8 of many trades, Jack of some

What to do with bad wool? part 1 (washing, drying, dying)

IMG_20160512_110602464So tinkering this week took an unexpected turn. I was planning on putting together a LED light curtain. See, I had the supplies gathered and everything! (yes, my living room often is used for project staging. And the guest room. And the kitchen. And often the dining room. Pretty much every room on the main floor of the house gets a turn).  But then I went to a FFA flower sale (FFA = Future Farmers of America). Some of the FFA students were coincidentally shearing a sheep. I asked if I could have the wool. The FFA advisor said, “sure … but it’s not good wool.” Hah! Like that mattered!

So I bagged it up, took it home. And WOW it smelled of barnyard stink. So I got to cleaning it. I put on gloves & picked though it to get the obvious crud out (animal bedding, feed and yes, sheep poo.) IMG_20160510_135936689

Then put it in sink full of hot tap water with some woolite to soak. I added 2 cups of microwaved-to-almost-boiling water to the soak to help more dirt.  A LOT of dirt came out – evidenced by the water turning murky brown. Then I rinsed. And rinsed again, and again and again. The thing EVERYONE warns you about washing wool is to be gentle, or it will felt. I was gentle as possible. I actually did it in 2 batches – one sheep gives a lot of wool. Lots of hot running water.


Then I dumped the wool out to air dry after gently squeezing the water out of the wool. I had a toddle/dog gate handy, so I re-purposed it as a drying rack.  And yay, after washing, it smelled like wool & woolite. And not barnyard. It was a grey white, with just a few darker black spots. My kid, age 5, was unimpressed. Someday I hope she’ll appreciate the crazy crafts her mother gets into. (They recently did interviews at her preschool about Mothers. She said I’m 55, my favorite food is broccoli, and the best thing I cook is ramen noodles. Ha.)

The wool was mostly dry the next day. Normal next step would be to comb or “card” the wool so all the fibers are more or less aligned. Then either spin it or felt it. But I don’t have carders – I’m attempting to borrow some. (ASIDE: If anyone in the area has hand carders I can borrow, please let me know.)

So instead I’m dying the wool.

Normally, I’d go through the effort of getting soft water if I was seriously dying something. But heck, I’m not sure if this wool is good for anything. So I just used my well water and hope for the best.

I used Fuchsia Red fiber reactive dye I purchased from Dharma Trading – I bought it for another purpose just recently. I pretty much followed the instructions on that website on how to use the dye for wool.

Step 0: Make sure the kid is in bed for the night, because this is going to take a good hour of attention.

Step 1: Put the clean wool in hot tap water. Let soak as you work on prepping the dye. I shorted myself on the soak time – should have let it soak 1/2 an hour, but I got antsy and it was more like 20 minutes.

Step 2: Put 2 teaspoons of dye + 2 tablespoons cold tap water in a pyrex 2 cup measuring cup. Stir stir stir to make a paste.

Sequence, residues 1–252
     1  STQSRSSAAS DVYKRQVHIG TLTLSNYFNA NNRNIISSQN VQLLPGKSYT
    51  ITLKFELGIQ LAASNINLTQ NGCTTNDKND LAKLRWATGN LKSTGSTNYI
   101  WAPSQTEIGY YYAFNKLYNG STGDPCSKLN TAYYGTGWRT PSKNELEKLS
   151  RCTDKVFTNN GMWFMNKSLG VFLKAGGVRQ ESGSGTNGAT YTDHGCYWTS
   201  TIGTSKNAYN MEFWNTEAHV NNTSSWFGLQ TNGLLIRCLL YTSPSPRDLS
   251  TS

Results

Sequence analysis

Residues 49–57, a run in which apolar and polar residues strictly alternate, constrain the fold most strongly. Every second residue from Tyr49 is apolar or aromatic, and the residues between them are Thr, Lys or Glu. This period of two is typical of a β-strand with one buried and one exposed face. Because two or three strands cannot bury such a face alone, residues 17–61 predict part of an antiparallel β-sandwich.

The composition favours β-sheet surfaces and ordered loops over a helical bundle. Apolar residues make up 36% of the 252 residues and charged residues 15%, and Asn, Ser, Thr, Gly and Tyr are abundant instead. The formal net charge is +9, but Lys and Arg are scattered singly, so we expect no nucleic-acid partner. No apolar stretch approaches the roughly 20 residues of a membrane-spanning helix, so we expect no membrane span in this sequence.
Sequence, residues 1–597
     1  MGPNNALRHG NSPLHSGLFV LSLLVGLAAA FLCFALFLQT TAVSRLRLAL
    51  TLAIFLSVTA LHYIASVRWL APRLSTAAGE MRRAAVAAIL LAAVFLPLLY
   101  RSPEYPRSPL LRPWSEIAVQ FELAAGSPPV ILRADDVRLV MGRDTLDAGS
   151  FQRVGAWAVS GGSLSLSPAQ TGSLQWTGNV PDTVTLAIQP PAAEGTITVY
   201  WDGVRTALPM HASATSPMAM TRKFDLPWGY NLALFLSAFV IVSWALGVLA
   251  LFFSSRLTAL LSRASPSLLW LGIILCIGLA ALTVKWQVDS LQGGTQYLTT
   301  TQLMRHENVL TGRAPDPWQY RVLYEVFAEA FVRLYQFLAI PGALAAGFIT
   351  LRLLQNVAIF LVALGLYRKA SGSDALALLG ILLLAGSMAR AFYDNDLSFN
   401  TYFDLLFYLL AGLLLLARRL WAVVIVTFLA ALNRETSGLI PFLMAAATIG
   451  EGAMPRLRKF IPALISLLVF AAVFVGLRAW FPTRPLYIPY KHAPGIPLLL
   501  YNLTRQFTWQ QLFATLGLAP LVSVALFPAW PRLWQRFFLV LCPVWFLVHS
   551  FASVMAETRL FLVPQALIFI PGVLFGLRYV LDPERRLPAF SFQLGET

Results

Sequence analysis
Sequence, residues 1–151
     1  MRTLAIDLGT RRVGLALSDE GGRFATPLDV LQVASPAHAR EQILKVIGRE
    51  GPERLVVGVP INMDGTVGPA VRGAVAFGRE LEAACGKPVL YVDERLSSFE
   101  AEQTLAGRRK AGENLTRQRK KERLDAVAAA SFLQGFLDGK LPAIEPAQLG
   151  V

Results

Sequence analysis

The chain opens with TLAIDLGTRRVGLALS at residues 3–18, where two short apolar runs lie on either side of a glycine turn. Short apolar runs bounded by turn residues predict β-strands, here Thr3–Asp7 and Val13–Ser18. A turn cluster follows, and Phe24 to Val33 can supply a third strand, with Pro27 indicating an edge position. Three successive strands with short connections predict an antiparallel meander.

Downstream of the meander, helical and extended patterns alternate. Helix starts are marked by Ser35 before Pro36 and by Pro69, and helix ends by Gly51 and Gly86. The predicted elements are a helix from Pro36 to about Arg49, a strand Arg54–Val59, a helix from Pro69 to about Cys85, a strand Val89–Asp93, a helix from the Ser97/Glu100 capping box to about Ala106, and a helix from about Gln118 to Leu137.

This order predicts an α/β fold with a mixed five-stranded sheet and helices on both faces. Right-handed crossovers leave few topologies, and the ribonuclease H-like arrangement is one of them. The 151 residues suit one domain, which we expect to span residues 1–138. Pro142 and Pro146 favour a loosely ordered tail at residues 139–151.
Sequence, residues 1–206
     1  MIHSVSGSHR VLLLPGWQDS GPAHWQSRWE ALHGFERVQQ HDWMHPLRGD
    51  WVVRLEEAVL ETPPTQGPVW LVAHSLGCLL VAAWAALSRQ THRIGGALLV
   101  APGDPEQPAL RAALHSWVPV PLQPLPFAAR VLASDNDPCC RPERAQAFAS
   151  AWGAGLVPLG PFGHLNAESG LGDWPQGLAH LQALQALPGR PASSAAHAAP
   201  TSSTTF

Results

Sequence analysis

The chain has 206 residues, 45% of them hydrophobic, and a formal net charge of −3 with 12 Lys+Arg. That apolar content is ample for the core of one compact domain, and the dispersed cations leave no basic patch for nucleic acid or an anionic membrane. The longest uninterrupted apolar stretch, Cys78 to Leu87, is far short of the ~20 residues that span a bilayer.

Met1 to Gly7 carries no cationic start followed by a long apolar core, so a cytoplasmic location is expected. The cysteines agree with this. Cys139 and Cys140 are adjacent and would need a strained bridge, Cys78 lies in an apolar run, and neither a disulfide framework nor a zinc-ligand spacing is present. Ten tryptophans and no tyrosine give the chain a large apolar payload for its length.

IMG_20160511_200937505Step 3: Find my biggest Stainless* Steel pasta pot. Pour in the dye paste. Fill up the measuring cup with hot tap water. Add roughly 4 tablespoons Mortons Kosher Salt (the important part is that it is NOT Iodized. And this was the non-iodized stuff I had on hand) and stir until dissolved.

(aside, about now I turned on Jim Rezac’s weekly Periscope Jam livecast. It’s good to have something to see/listen to in the background during the 20 minutes of stirring)

IMG_20160511_201248675Step 4: Add the wool, and hot tap water to top off the pot. Put on stove and heat until simmering. Then simmer for 10 minutes. In truth, I don’t think I ever hit simmer, but it was steaming. Stirring gently every minute or so.

Step 5: Add 2/3 cup of white vinegar. Simmer for another 10 minutes, stirring every two or three minutes. Gently! Don’t mash it to hard or it will felt! My understanding is the vinegar “sets” the dye. If you skip the vinegar the dye will wash out.

Step 6: Rinse. Start with Hot tap rinse and continue rinsing in cooler and cooler water until the water is room temp & runs clear. Then spread to dry.

Rinse until water is clear

Rinse until water is clear

So, my pot wasn’t big enough for all the wool I soaked. So I used tongs to take out the dyed wool for rinsing (and rinsed using another pot). And added the remaining soaked wool (that had at this point been soaking for 45 minutes) to the dye pot. And let it simmer as I rinsed the main batch. So I’m guessing it simmered in the vinegar/dye pot for 15 minutes. Maybe 20. . . anyway, when I rinsed that smaller leftover batch, it was indistinguishable from the first set. So maybe combining steps 4 & 5 is ok.

End result: Cotton Candy colored Pink wool 🙂 And that’s only half of it. Still not sure it will be good for anything much. But I’m fixing to find out.



*Stainless = Misnomer


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